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Bahamas Executive Entity

Financial professionals in The Bahamas will have another tool in their kit if draft legislation for the Bahamas Executive Entity(BEE)becomes law next year.

BEE, if implemented, will allow professionals to get around some of the problems with existing wealth preservation structures utilizing trusts, foundations or private trust companies. One of the international law firms involved in the drafting of the legislation, Lawrence Graham LLP, providedGuardian Businesswith a summary of the draft legislation.

A high net worth(HNW)or ultra-high net worth(UHNW)client seeking to preserve his/her wealth and manage succession issues often encounters specific challenges, according to the summary. If that client chooses a trust structure, he or she must decide who will occupy the key roles of trustee, protector or enforcer–each representing significant control over the assets in the trust, for example.

Such an individual may choose a family member or trusted associates to vest these powers in, but concerns may linger about the concentration of power in those individuals. Putting the power in the hands of a few family members may also present succession issues–families do not always get along.

“Whilst working on dynastic trust structures for our clients, we developed the concept of the Executive Entity, which is designed specifically to carry out executive functions in wealth preservation structures,”the summary from Lawrence Graham LLP read.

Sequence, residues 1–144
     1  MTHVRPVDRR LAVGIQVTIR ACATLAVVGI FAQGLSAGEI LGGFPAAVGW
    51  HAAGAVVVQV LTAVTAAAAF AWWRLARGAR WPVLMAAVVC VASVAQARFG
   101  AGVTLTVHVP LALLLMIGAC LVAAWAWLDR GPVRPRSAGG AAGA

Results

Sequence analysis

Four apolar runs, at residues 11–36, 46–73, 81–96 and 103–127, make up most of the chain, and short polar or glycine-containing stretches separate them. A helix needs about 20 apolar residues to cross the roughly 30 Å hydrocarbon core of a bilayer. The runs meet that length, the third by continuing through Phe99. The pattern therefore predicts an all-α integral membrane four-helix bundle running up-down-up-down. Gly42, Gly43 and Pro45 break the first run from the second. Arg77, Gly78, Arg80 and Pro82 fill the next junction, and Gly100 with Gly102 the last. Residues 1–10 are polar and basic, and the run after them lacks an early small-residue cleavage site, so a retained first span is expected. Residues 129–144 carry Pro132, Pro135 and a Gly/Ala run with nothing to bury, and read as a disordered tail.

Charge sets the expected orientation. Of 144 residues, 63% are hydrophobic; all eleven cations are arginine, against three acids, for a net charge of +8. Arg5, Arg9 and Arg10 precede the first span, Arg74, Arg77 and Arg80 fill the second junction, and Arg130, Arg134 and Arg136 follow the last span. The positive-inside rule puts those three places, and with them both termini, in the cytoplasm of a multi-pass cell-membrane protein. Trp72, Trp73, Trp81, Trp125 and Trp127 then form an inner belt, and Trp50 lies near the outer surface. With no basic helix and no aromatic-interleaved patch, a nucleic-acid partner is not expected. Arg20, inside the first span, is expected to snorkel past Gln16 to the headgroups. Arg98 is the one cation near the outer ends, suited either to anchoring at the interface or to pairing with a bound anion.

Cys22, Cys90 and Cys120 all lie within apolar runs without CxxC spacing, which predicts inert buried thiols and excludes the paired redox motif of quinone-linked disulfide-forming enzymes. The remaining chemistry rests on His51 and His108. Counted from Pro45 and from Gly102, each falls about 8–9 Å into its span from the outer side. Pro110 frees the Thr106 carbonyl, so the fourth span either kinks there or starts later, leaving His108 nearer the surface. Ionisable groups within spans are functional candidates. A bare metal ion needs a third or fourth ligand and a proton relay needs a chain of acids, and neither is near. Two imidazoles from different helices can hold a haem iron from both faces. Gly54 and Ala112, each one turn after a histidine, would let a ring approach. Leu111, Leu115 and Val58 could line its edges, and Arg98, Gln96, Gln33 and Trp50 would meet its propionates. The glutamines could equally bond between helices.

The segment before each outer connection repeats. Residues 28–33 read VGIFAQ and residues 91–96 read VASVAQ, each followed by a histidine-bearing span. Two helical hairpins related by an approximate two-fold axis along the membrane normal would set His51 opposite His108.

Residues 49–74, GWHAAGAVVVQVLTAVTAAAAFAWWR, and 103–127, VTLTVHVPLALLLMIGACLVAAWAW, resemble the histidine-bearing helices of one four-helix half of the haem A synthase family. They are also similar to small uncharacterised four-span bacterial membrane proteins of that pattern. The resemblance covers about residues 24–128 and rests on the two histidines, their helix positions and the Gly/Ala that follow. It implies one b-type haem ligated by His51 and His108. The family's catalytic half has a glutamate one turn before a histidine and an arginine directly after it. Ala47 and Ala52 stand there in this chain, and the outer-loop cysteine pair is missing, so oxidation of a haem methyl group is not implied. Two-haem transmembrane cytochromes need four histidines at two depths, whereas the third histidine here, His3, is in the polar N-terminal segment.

Executive, administrative, supervisory, fiduciary, or office holder powers and duties are some of these executive functions. They would also include the roles of protector, enforcer or private trust company(PTC)shareholder, and ultimately could even include the role of trustee, though that would require other legislative changes, according to the summary.

One key aspect of the entity is that while being designed to carry out executive functions, it would only hold sufficient assets to properly carry out those duties. The entity is not designed to hold any assets beneficially for persons in succession, or for a purpose, according to the summary.

Holding assets for a specific purpose is a feature of purpose trusts, which are frequently used to own the shares of PTCs. When this model is used, professional trustees must be brought in at the highest levels of the structure to act as trustee and enforcer, the summary said. The previously mentioned issues this creates are therefore circumvented by the BEE.

Another key feature of the BEE would be that it would be self-owned, with no shareholders, beneficiaries or enforcer, according to the firm. The founder of the entity would be able to appoint those best suited to serve on its board, who would enjoy the benefit of limited liability. The summary went on to add that those officers enjoy confidentiality protection and did not need to be disclosed.

Structures holding family businesses could benefit from the BEE’s capability to ensure that best practice corporate governance principles are in place after the death of the BEE’s founder, which could avoid damage from any family conflict which may follow. According to the summary, binding processes can be built into the BEE’s structure documentation to accomplish this by providing checks and balances and spreading power across various levels.

According to Lawrence Graham LLP, BEE could be used to strip away unnecessary layers from trusts, resulting in the BEE paying for itself in a short time if it is brought into existing trust structures. Stability and continuity in wealth structures would also be promoted by the BEE, according to the firm, as the roles of protectors, enforcers and asset allocators are institutionalized under the BEE.

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